Cross-cultural comparability of the Geriatric Depression Scale

Department of Gerontology, University of South Florida, Tampa 33620, USA.
Aging and Mental Health (Impact Factor: 1.75). 03/2001; 5(1):31-7. DOI: 10.1080/13607860020020618
Source: PubMed


It is becoming increasingly clear that, in order to better understand the implications of global aging, more cross-cultural research is needed. In the present study, the structure and validity of the Geriatric Depression Scale-Short Form (GDS-SF) was examined in Korean and US samples of older adults. The participants included 153 older adults living in Korea (mean age=65.9 years) and 459 older adults from Florida (mean age=72.4 years). All participants completed the original or translated versions of the GDS-SF, as well as additional demographic and health-related measures. The results indicated that the GDS-SF exhibited good reliability in both samples. However, the results of a principal components analysis indicated that the structure was not well replicated across the two samples. In general, the present study suggests that, despite great efforts to make the questionnaires equivalent in the two cultures, the concept of depression for older adults may vary greatly in Korea and the USA. Possible explanations for cross-cultural differences are discussed, as well as implications.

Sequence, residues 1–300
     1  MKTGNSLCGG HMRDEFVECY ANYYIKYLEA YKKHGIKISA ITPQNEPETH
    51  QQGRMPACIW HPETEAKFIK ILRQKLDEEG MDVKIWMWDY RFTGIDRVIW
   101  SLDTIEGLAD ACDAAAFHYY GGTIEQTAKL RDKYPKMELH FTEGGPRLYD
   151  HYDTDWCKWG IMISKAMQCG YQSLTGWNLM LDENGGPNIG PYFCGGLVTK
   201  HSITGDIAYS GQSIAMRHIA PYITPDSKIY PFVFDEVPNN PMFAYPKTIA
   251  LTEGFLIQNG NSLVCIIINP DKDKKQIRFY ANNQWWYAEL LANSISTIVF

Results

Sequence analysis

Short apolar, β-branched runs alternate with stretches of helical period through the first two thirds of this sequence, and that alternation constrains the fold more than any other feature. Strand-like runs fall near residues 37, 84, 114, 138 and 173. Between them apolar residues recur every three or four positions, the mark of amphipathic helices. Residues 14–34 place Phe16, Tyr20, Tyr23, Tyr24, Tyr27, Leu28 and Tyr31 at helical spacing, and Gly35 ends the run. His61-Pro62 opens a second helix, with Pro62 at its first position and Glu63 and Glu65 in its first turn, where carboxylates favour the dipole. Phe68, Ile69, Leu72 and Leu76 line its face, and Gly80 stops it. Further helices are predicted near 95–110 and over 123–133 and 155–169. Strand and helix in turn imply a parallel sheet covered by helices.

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Available from: William E Haley, Sep 23, 2014
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    • "In the Sleep–EVAL system, questions are mostly answered on scales (frequency, severity or modulated yes/no, for example, rather yes or rather no). As stressed by Noh and Chen (1998) (1992) and Jang et al. (2001), Korean individuals are sensitive to response style. For example, while it is all right for an American or a European to affirm he is happy with his life, it is not socially acceptable to do so for a Korean. "